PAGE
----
Frank Berto comments on the 1983 Sachs-Huret Commander that:
Developing this theme, the Sachs-Huret Commander is often wheeled out by Europhiles as evidence that the Old World was producing a plausible indexed derailleur long before SIS was even a twinkle in Shimano’s eye. To me this seems like just so much arrant nonsense.
My understanding of the Commander was that Germany was one of the few markets where Shimano’s late 1970’s Positron system had enjoyed any kind of sales success - partly because Germans were used to Fichtel und Sachs Torpedo hub-gears and liked commuting bikes with gear changes that went ‘click’. Sachs were particularly concerned that easy-to-use indexed derailleur systems would take market share from their hub gears. When Sachs bought Huret one of their first priorities was to provide the German market with a workable alternative to Positron.
Positron was a low-end steel system based around the timeless Shimano Skylark geometry. Lo and behold, the Commander is a low-end steel system based around the timeless Shimano Skylark geometry!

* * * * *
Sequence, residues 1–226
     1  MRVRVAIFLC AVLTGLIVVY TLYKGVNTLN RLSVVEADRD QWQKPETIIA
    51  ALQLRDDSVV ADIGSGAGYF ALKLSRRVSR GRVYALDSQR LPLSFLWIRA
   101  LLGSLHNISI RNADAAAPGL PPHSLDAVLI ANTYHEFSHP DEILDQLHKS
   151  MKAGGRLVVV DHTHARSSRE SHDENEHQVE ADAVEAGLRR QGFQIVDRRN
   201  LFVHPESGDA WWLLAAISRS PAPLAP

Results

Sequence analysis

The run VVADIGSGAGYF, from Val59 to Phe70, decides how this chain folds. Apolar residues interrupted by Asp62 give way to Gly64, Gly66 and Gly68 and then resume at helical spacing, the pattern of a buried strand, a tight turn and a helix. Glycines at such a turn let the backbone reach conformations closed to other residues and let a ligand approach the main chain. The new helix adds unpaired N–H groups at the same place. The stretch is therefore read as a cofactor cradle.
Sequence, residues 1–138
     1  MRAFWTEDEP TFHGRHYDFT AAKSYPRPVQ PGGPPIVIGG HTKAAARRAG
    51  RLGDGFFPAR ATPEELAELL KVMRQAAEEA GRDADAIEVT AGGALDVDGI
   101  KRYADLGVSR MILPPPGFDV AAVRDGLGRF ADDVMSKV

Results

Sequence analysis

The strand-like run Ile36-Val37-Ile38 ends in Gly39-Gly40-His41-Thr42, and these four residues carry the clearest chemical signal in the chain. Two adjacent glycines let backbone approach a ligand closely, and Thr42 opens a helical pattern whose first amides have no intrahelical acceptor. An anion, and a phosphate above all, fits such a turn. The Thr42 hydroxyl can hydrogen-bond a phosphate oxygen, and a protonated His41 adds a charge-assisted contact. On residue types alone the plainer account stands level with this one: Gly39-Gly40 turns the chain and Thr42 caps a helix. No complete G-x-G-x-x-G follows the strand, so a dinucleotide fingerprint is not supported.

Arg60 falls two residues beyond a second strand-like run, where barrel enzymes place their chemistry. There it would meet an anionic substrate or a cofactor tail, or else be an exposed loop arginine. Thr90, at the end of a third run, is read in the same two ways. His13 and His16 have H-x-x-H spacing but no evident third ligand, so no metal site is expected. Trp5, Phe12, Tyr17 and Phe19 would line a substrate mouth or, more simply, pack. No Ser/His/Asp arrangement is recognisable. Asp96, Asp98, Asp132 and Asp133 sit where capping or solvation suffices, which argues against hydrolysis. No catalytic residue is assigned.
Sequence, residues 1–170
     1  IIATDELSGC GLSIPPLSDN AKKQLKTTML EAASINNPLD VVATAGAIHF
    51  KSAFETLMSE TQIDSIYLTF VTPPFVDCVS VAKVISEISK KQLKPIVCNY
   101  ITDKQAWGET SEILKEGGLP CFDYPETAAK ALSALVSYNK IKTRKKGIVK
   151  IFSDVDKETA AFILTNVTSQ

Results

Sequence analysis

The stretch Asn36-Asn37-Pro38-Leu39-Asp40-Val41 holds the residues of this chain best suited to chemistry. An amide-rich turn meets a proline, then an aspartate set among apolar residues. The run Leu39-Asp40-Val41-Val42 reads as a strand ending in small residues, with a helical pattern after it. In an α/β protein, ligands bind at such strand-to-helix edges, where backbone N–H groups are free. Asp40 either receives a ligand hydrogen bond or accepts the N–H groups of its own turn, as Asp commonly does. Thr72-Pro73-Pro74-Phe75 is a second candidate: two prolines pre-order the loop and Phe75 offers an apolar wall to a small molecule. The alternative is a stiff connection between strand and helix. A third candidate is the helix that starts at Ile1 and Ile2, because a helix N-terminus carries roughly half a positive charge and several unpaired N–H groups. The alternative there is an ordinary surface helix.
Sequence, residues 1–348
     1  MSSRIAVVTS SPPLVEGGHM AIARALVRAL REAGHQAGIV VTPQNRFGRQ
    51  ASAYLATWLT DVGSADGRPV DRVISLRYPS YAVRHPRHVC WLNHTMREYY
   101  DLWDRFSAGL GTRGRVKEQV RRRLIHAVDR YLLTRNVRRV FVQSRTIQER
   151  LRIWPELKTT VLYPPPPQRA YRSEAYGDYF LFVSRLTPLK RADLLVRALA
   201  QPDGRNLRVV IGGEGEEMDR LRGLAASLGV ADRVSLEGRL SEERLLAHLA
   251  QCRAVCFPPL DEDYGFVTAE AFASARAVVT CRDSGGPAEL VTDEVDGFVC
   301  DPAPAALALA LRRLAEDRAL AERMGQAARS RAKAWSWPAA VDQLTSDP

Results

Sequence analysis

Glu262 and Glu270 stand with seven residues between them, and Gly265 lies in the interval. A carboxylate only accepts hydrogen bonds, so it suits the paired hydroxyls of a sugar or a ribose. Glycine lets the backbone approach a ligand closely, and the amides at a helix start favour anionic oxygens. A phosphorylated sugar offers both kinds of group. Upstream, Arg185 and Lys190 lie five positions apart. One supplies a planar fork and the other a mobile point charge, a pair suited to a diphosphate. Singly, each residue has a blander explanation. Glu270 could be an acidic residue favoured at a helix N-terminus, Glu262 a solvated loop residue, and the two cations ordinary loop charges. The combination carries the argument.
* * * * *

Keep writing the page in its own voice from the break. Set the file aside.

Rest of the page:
When it came out I doubted that the Commander was made in the Huret factory. The Shimano-style design with two sprung pivots, the shape of the hanger, the look of the rivets, the lack of any name at all on the plastic pulley wheels - all of these things are very untypical of Huret. Finally there is no mention of being ‘made in France’ anywhere on the derailleur - and Huret rarely omitted that particularly crucial phrase. My bet would be on a Taiwanese manufacturer being the source.
The actual indexing mechanism works by the cable being wound around a drum that turns a cam that drives a roller to 6 different positions. This is extremely similar to the system used by SunTour on their 1979 SunTour SMS Max.
So the Commander might be an innovative Franco-German work of genius, or it might be a Taiwanese-made design based on an amalgam of Shimano’s existing Skylark geometry and SunTour’s existing cam-based indexing system. I have no concrete evidence either way, but I fear the later is probably nearer the truth.
This example (which has a six position cam) is stamped ‘6V’ for 6 vitesses (the Huret Commander (12913) in this collection is a 5 speed)
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